Off The Beaten Track: Namibia

Known as the “Land of the Brave” according to its national anthem, Namibia has long been known for the sweeping sand dunes from the Namib Desert that comprise its shoreline. In recent years it has become more of a destination for visitors, especially those who want to see cheetahs and the capital of Windhoek’s unique architecture. Let’s take a look at what you should do while you’re there!

Sossusvlei and Deadvlei

The name sure does not give it away, but this is in a Southern area of the Namib Desert. It is a dry sun-baked salt and clay pan that is entirely surrounded by red sand dunes. The other area is known for the dried out husks of acacia trees that stand upright in the glowing white salt pan. It used to be an oasis full of water and lush growth but now as you will see it is something out of a sci-fi movie on Mars or a Salvador Dali painting.

Etosha National Park

Now that you have seen one of the dead zones in the desert, it is time to head over to Etosha and the land of the living. This is in Northwestern Namibia and it too has salt pans, but also a whole lot of grassland and savanna for the wildlife to live off of. If you are looking to go on a safari in a relatively quiet park then this is an excellent choice. Expect to see a lot of elephants and mountain zebras which are only found in Etosha.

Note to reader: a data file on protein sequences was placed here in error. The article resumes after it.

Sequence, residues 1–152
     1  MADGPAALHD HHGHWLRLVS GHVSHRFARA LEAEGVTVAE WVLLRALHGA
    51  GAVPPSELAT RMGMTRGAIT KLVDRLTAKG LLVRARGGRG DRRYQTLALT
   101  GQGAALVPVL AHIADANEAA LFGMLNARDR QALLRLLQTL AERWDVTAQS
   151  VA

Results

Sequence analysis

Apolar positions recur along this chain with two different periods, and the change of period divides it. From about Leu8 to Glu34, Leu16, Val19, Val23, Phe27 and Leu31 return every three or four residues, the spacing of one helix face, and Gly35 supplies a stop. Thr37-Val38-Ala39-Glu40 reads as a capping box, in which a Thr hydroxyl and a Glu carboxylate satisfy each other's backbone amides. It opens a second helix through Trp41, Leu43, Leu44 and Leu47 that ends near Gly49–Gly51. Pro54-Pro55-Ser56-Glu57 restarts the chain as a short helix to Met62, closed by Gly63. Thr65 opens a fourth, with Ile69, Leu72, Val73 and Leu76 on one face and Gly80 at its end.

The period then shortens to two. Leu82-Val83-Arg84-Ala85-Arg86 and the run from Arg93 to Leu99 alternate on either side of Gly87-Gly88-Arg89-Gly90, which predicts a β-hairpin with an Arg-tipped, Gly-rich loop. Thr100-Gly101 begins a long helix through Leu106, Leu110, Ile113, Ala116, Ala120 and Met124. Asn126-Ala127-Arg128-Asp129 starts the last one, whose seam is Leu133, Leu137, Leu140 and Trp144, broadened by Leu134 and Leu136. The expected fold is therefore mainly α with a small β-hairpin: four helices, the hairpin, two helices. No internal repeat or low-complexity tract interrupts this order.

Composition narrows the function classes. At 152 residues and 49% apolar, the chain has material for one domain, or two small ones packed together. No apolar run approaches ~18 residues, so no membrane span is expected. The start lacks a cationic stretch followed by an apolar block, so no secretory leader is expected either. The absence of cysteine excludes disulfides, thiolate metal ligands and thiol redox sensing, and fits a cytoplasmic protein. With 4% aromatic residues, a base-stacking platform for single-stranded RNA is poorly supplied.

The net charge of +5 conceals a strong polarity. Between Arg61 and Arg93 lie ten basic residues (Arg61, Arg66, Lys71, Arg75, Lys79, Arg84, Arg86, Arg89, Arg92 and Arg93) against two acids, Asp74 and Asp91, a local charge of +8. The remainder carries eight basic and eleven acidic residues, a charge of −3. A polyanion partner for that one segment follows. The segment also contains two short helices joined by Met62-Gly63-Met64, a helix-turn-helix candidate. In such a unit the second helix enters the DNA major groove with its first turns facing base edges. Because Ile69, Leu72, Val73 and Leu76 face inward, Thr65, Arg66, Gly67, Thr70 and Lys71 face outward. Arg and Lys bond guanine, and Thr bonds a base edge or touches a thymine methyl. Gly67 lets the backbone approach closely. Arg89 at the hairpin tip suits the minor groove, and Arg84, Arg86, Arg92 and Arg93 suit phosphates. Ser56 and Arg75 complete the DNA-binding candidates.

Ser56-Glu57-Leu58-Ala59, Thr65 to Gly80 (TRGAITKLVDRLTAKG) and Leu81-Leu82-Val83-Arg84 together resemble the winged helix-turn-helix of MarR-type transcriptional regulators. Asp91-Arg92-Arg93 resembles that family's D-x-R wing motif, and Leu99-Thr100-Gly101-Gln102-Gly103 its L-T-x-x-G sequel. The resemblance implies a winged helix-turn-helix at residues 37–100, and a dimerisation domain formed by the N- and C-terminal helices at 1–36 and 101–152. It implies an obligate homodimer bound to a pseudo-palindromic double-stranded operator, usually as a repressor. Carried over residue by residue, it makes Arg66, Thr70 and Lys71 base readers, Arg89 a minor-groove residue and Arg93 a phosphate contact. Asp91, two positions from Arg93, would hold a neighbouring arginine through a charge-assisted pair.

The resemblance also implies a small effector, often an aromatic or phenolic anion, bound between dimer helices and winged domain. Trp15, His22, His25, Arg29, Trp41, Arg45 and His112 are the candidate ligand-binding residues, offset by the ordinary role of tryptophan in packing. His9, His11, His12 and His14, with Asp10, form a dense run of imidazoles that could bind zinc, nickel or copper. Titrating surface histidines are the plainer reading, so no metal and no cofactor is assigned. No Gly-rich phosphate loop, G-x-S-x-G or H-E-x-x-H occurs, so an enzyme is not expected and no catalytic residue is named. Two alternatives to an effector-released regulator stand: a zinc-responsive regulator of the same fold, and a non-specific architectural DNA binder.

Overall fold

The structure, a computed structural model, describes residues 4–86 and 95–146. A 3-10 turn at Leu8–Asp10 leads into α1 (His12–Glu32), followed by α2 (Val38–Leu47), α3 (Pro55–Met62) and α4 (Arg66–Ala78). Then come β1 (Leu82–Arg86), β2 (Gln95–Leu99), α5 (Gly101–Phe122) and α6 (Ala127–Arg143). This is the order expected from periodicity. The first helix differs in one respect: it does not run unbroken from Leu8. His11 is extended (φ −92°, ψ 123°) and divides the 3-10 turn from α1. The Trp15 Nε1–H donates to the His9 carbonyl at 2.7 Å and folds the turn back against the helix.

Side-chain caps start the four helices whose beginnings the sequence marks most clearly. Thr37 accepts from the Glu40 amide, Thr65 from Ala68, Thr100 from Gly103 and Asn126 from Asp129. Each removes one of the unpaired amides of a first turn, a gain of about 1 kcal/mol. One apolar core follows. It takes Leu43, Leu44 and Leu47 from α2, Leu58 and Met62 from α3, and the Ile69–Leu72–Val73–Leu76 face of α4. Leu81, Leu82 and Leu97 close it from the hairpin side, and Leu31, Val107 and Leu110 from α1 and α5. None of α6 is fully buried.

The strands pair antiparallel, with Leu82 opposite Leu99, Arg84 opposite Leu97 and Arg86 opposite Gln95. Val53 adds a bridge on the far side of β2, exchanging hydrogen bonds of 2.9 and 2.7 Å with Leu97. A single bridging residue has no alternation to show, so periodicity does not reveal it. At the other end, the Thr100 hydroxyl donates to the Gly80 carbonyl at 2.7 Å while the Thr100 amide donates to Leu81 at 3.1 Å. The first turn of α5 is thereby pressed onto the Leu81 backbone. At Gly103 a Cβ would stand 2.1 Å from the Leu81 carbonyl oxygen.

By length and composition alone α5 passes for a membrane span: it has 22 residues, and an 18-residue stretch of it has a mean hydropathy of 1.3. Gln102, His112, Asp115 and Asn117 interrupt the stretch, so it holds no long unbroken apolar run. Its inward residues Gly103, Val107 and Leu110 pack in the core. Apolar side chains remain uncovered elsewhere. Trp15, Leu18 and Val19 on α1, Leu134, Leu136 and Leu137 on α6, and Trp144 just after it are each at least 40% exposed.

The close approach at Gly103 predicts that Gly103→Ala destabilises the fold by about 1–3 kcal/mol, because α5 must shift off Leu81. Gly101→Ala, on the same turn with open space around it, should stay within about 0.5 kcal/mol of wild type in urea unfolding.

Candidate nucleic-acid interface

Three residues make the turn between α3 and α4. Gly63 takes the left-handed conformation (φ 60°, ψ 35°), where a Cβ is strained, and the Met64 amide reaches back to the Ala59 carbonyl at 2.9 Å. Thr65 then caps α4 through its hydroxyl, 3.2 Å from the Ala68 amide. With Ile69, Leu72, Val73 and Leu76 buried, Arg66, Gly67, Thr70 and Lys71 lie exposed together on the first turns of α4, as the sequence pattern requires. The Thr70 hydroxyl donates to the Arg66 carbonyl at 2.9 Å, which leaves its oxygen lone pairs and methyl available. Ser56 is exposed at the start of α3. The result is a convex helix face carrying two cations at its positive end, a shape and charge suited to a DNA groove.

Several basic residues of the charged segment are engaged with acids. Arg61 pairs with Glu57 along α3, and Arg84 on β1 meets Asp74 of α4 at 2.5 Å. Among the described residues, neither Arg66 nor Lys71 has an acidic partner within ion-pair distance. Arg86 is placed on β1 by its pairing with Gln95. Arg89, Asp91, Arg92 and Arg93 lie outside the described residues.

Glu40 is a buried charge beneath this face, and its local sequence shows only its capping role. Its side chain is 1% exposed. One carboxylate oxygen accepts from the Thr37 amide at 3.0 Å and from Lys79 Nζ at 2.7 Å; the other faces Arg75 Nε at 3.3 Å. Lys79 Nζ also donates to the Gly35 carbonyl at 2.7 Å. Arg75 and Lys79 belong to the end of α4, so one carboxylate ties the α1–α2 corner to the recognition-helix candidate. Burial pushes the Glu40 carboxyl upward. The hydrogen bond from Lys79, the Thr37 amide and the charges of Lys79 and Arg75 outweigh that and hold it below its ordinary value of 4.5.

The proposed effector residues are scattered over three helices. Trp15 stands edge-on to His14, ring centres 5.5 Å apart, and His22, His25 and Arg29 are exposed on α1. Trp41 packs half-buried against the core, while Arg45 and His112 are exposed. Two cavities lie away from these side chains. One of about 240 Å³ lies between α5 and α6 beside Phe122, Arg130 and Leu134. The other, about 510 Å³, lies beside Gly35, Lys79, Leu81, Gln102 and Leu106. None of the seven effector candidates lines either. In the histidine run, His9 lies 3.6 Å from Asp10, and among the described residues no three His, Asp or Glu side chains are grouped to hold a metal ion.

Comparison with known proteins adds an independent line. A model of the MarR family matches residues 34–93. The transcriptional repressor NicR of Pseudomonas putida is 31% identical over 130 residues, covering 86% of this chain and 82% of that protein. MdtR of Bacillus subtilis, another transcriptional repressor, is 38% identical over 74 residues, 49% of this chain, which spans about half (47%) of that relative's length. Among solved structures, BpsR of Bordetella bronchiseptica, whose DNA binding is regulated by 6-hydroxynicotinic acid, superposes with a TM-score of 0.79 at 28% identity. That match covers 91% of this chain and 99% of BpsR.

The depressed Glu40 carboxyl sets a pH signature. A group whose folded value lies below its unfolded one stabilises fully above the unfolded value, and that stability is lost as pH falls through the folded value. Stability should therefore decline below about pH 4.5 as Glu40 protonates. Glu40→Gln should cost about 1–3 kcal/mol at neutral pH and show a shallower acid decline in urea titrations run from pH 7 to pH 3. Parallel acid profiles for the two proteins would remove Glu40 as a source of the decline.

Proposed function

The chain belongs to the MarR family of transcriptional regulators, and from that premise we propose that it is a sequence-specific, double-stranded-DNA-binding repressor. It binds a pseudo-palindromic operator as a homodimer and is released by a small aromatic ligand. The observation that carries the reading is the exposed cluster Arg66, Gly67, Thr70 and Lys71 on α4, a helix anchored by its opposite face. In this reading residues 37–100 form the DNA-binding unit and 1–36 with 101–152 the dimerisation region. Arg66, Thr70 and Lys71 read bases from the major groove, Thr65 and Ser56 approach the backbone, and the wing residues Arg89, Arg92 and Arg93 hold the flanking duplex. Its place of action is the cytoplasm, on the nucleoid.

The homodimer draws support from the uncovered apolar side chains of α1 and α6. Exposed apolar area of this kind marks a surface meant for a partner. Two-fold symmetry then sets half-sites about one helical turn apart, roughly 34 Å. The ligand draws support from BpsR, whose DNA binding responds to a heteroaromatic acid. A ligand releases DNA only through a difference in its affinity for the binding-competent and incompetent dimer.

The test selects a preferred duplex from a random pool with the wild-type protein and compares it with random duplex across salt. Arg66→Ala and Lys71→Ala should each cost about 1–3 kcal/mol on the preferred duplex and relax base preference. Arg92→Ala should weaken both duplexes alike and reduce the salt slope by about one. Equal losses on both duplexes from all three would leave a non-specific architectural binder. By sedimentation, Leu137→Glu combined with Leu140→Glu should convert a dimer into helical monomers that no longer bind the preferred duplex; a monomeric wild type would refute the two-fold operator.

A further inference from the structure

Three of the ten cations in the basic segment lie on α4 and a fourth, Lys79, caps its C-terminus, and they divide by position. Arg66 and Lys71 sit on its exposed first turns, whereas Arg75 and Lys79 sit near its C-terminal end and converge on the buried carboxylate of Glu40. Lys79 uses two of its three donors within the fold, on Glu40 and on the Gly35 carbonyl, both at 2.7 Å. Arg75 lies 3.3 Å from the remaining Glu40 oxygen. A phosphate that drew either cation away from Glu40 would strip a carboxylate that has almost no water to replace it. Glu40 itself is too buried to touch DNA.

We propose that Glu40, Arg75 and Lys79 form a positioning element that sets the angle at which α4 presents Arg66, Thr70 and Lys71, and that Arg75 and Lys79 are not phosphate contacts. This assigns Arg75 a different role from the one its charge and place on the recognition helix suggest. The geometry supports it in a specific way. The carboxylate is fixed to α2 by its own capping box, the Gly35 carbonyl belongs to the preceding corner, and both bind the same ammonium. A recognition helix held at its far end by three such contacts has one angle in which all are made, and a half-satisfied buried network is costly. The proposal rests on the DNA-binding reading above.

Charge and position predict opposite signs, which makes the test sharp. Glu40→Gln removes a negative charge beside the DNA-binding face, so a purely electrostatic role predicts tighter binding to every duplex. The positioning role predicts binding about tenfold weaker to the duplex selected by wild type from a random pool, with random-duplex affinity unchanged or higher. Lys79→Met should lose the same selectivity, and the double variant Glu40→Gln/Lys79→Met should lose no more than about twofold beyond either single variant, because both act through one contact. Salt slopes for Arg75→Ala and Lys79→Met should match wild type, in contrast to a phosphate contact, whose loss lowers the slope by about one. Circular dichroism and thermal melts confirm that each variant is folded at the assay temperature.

Off The Beaten Track: Namibia

Skeleton Coast National Park

This name may give it away, but the coastline is littered with shipwrecks which makes some history buffs very curious about the region. If you think you can simply walk into this park though, be forewarned that you have to enter with a 4×4 vehicle and to access some areas in the north you actually have to fly-in as no vehicles are allowed. Conservation is very important, and the Namibian government has made it a priority.

Windhoek

With Namibia being a former German colony it should come as no surprise that German style colonial buildings are what comprise this lovely capital city. The Parliament Gardens are worth a wander, along with a visit to Christuskirche and the Tintenpalast. Each building offers a good historical point to learn about the foundations of the modern state that Namibia is now, and good opportunities for photos of this unique former-German run capital on the Southern tip of Africa.